The leaves are changing color, there is a distinct, crisp breeze in the air and Hocus Pocus once again returns as the movie of choice for children of all ages. This can only mean one thing—fall has arrived. While many autumnal traditions return to the fore and fill our social calendars (I’m looking at you, apple picking), 2013 has given us something new to obsess over—Thanksgivukkah. This year, the first night of Hanukkah begins on Thanksgiving, allowing Jews from all over America to combine two much beloved holidays. These two seasonal favorites haven’t overlapped in over 100 years and people are looking to make the most of this rare occurance.
Those of us in the millennial generation were introduced to this concept of an über holiday by The OC’s ultimate NJB (nice Jewish boy, for those not familiar with the lingo), Seth Cohen. Chrismukkah exemplified a phenomenon not new to American society, being a part of two separate cultures simultaneously. While there is no beloved Seth Cohen to introduce this new holiday (side note—am I the only one who is seriously lacking some Adam Brody in my life these days?), there seems to be more buzz than ever about this new two-for-one holiday. With Buzzfeed articles about decorations and recipes and a Stephen Colbert segment on the audacity of Hanukkah to step on the toes of the all-American festivity, it appears as if the hybrid holiday is taking America by storm. But what exactly does this mean for us as American Jews?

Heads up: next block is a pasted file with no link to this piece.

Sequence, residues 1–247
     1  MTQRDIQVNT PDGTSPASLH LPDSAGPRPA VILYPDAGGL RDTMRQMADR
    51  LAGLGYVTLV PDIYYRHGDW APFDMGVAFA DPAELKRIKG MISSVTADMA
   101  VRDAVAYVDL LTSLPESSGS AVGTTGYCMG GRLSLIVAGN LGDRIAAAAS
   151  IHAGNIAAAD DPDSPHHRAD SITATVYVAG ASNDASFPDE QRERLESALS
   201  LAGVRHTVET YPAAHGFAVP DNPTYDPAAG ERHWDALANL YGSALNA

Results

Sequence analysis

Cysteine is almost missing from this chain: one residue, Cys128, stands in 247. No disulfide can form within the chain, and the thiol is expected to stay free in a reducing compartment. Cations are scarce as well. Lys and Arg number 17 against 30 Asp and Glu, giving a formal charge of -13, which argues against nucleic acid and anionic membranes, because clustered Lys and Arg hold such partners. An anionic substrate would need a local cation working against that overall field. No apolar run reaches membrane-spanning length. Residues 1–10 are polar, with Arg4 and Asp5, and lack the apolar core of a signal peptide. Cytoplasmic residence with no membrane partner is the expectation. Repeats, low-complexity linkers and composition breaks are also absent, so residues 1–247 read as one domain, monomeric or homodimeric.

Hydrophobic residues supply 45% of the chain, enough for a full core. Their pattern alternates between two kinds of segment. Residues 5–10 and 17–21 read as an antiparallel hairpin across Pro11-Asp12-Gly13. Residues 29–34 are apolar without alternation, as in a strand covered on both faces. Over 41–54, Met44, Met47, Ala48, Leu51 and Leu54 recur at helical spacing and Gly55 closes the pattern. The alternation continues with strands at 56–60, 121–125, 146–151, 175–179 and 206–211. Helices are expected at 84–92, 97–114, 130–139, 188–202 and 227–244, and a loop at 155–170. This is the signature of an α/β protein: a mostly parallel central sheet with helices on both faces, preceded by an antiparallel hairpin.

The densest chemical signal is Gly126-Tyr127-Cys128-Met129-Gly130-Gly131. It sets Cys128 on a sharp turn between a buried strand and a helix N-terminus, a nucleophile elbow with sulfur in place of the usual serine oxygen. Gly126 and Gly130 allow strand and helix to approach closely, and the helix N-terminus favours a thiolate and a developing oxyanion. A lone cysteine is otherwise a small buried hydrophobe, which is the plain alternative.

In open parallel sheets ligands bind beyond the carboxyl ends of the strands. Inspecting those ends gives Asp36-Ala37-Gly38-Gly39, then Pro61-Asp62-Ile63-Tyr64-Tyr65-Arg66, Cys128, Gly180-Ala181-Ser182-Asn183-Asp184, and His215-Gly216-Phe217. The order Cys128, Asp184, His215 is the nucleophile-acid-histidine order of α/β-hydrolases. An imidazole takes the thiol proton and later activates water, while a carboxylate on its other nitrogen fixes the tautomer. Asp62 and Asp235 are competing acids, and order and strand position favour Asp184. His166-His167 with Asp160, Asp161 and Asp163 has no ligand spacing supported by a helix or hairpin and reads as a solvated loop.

I feel that Thanksgivukkah allows us to perfectly blend our two cultures, giving us a chance to truly be simultaneously Jewish and American. In a way this holiday helps us define who we are. It is a physical representation of our dual identity and allows us to take pride in that. It also provides us the opportunity to have fun and be creative with our Judaism, giving it relevance and a place in our lives as hyphenated Jewish-Americans today. In a world where Jewish and non-Jewish holidays are seen as being in competition with one another, Thanksgivukkah removes this tension from the equation. Instead of being the marginalized step-sister of the holiday season, Hanukkah is being fully integrated into the most American of holidays. Thanksgivukkah is the ultimate statement of Jewish-American pride, proclaiming the uniqueness and achievement of the hybrid community.
So this year, revel in playing spin the dreidel for slices of pumpkin pie instead of gelt, wash down that turkey and stuffing with some Manischewitz and enjoy a double feature of Charlie Brown Thanksgiving and Fiddler on the Roof. After all, this mega celebration won’t happen again for another 79,000 years—l’chaim!
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